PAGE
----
For some critics of the new order, slow progress within the established order appeared a delusion.  Johann Most (1846-1906) figures as one of the most influential alt-left thinkers.  “The existing system will be quickest and most radically overthrown by the annihilation of its exponents.  Therefore, massacres of the enemies of the people must be set in motion,” wrote Most.  This doctrine came to be called the “Propaganda of the Deed.”

Between 1878 and 1932, propagandists of the deed attempted to kill the emperor of Germany, two kings of Italy, the tsar of Russia (twice), the king of Belgium, the king of Spain, the president of France, the Italian dictator Mussolini, an American senator, the attorney-general of the United States, John D. Rockefeller, the chairman of the Carnegie Steel Company, the judge in the Sacco and Vanzetti case, and the mayor of Seattle, Washington.  They actually did kill several tsarist officers of the secret police, Tsar Alexander II of Russia (after two failed attempts), the empress of Austria, the king of Italy, the king of Portugal, the king of Greece, the president of France, three prime ministers of Spain, the president of the United States, the prime minister of Russia, the chief of police of Buenos Aires, about sixty ordinary people killed in a wave of anarchist bombings in the United States between 1916 and 1920, and twenty Catalan Rossini enthusiasts.[4]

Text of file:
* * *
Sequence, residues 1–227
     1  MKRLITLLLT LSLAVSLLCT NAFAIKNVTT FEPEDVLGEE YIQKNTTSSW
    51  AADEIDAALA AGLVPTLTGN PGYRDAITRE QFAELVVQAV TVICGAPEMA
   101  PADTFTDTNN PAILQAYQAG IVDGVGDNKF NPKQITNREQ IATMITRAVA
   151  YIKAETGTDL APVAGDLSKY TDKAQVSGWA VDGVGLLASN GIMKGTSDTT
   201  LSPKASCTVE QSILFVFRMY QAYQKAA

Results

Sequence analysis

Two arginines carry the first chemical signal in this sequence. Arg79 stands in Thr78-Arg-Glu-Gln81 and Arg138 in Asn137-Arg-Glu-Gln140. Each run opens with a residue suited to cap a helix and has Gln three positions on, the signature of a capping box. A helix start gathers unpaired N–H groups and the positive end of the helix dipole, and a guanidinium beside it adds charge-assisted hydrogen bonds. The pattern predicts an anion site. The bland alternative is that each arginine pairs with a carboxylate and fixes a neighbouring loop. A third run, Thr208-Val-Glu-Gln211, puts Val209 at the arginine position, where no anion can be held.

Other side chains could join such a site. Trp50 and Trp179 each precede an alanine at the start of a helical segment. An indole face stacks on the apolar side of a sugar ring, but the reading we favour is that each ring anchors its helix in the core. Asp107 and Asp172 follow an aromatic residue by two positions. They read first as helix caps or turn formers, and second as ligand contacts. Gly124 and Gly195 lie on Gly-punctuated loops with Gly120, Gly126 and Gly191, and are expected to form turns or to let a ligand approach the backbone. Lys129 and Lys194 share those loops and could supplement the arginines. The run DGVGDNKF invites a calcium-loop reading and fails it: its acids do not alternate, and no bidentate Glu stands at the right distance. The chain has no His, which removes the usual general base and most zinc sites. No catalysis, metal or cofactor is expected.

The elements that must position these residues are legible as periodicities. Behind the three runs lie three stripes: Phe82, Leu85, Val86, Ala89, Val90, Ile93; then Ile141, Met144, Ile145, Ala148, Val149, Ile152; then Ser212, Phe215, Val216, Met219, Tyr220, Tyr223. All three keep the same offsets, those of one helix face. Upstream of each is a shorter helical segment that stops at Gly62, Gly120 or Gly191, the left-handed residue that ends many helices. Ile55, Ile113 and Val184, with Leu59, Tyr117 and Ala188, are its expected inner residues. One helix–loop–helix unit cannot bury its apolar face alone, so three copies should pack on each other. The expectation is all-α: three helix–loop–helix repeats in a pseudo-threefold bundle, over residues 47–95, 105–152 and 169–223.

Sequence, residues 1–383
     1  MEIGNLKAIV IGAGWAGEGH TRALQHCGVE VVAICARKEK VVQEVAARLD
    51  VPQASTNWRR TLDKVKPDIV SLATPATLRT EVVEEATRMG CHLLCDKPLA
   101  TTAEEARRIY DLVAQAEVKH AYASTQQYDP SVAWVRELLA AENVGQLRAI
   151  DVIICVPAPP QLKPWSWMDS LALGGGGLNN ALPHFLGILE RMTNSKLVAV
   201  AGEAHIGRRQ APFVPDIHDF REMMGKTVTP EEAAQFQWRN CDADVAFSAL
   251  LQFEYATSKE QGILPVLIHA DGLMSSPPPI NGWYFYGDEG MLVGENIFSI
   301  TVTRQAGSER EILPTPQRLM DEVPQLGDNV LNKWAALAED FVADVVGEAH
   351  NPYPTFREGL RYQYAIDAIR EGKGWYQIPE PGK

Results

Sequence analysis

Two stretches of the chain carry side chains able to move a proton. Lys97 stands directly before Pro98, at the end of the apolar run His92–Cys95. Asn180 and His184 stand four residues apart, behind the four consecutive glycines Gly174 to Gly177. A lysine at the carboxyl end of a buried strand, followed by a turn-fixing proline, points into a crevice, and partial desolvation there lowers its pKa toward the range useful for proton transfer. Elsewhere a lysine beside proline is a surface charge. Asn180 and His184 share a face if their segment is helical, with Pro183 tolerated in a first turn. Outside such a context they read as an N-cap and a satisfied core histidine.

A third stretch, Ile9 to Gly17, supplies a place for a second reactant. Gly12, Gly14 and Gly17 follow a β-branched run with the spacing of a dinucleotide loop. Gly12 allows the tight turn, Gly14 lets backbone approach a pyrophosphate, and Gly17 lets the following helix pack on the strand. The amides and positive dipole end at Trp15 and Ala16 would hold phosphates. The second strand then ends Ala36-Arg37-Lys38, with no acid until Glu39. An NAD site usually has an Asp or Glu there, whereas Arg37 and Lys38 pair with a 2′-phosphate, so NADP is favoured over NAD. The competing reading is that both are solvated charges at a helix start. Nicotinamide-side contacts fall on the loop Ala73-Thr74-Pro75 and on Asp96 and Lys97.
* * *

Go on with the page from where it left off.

Most of the attacks took place in Russia or in Mediterranean Europe.  In these places, neither political liberty nor economic progress had advanced even as Western Europe and the United States had surged ahead.  Most of the attackers were people already unhinged who were driven over the edge by poverty and government brutality.  However, the chief effect of the attacks came in the expansion and intensification of government powers to combat dissidence.

It is worth asking whether this half-century-long wave of terrorism offers lessons for understanding and dealing with contemporary “jihadist” terrorism.  Both waves pose(d) a serious threat to lives, but neither pose(d) a threat to the existence of societies founded on “Western” values.  Of course, the earlier wave targeted societies with the means and the will to respond.

[1] “Let them show their love by the works they do for each other, according as the Apostle says: ‘let us not love in word or in tongue, but in deed and in truth.'”—St. Francis of Assisi.  Also, the Tsarina Catherine the Great instructed the “philosophe” Denis Diderot that “you write in paper while I must write on flesh.”

[2] https://www.youtube.com/watch?v=kGIQgjPklLw

[3] There is a useful analogy in Japan’s Meiji Restoration.

[4] For some serious books on this lurid subject, see Richard Pipes, The Degaev Affair (2005); John Merriman, The Dynamite Club (2009) and Ballad of the Anarchist Bandits (2017); and Beverly Gage, The Day Wall Street Exploded (2010).

Soldiers Become Governors.